Business Advice

Why I only work with people I actually like — and how I make it happen

Eithne McSwiney /

only work with likable people

GHO Sydney managing director Eithne McSwiney.

If you’ve worked in an office full of humans for any length of time, you’ll know that not everyone is likeable.

Unlikeable people may have caused you to hate meetings, hate your job, or even leave a company entirely.

On the other hand, liking the people you work with can do great things to performance, team morale and even company revenue.

Unsurprisingly, a work culture filled with people who don’t like each other can become a massive problem for staff retention and productivity. Ensuring your business is filled with likable people is, therefore, an essential goal for any leader, but getting there takes a lot of work.

So without further ado, here are some of the best ways I’ve found of making it happen.

Work with the same people again and again and again

One of the things I’m most proud of throughout my career is I continually work with the same people over and over.

When looking for a new hire, the first thing I do is think back to all the people I’ve worked with in the past. Aside from cutting out ambiguity and risk, working with valued ex-colleagues is a great way to reconnect and learn from their experiences. Friendship lends itself to long-term tenure and loyalty, which is a win-win for everyone.

From a business point of view, the best work you will ever win is from clients who want to work with you based on previous experience and mutual respect.

In fact, up to 50% of our new business comes from clients who we have worked with before. Relationships built on trust and proven results stand the test of time — and save you from the curse of the unlikeable client.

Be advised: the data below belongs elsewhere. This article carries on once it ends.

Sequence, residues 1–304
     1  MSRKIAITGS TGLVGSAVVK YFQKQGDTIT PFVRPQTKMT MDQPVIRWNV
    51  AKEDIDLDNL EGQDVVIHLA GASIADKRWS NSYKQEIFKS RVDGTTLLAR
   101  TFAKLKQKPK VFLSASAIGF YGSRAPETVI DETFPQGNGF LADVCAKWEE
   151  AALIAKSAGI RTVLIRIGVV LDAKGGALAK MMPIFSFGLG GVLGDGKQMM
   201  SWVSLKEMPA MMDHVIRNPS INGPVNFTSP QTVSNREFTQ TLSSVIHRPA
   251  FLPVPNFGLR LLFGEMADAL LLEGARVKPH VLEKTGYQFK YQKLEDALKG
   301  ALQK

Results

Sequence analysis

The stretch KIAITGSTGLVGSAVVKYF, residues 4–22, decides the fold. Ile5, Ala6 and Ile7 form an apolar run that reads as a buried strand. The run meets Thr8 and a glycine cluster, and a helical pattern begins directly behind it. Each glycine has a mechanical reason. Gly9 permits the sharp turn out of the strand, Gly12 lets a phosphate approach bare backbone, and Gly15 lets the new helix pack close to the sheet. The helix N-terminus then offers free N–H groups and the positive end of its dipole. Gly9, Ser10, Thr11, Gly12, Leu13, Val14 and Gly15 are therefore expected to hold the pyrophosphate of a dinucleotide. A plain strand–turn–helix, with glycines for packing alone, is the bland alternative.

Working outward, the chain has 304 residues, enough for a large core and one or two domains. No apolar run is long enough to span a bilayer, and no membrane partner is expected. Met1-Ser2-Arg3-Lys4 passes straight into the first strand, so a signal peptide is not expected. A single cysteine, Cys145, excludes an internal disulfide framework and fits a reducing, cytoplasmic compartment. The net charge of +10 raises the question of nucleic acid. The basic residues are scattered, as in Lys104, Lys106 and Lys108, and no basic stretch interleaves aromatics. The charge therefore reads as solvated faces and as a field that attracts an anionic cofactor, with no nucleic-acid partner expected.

Be yourself and those around you will too

I’ve been forced to leave a company twice in my career (otherwise known as ‘gone to pursue other opportunities’).

On both occasions, it was for being my authentic self and standing up to bullying.

It didn’t do my career any good at the time, but I slept better at night knowing I had done the right thing and spoken out, loudly. It made me the person I am today.  

If you can find a place of work that accepts you for who you are, chances are you’re going to accept and like them too. Authentic people are drawn to other authentic people, which is great, because being someone you’re not is exhausting.

In the words of the late, great Toni Morrison: “You are not the work you do; you are the person you are.”

Find people who criticise you

I’m not talking about the kind of criticism that makes you feel belittled and small, but the kind that makes you think: ‘Why hasn’t anyone ever told me that?’

The most likeable people I know are able to spot my weaknesses, and help me work on them in a constructive way — the work equivalent of the friend who will always let you know if you’ve got food stuck in your teeth.

As hard as it can sometimes be to accept, I welcome criticism and feedback. If someone is brave enough to tell you what you are doing wrong, then they deserve a place in your life and are someone you definitely want to work with.

I am, and will be to the day I die, a work in progress. Constructive and well-meant feedback creates powerful alignments, not alienation, and results in a bunch of people who want to work with each other.

The mantra at my business is: ‘Life’s short. Work with people you like.’

This sounds simple in principle, but filling your business with likeable people takes a lot more skill than you’d think — and will involve some serious introspection.

To be liked means to be respected, and to be respected means to have earned the trust of the people around you.

Once everyone on your team has that mutual trust and respect in place, you’ll be amazed at the work you can create together.

NOW READ: Success doesn’t have to be at the expense of happiness and wellbeing: Here’s why

NOW READ: Six simple steps: How to increase your happiness, health and longevity

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Eithne McSwiney

Eithne is the managing director of customer experience agency GHO.

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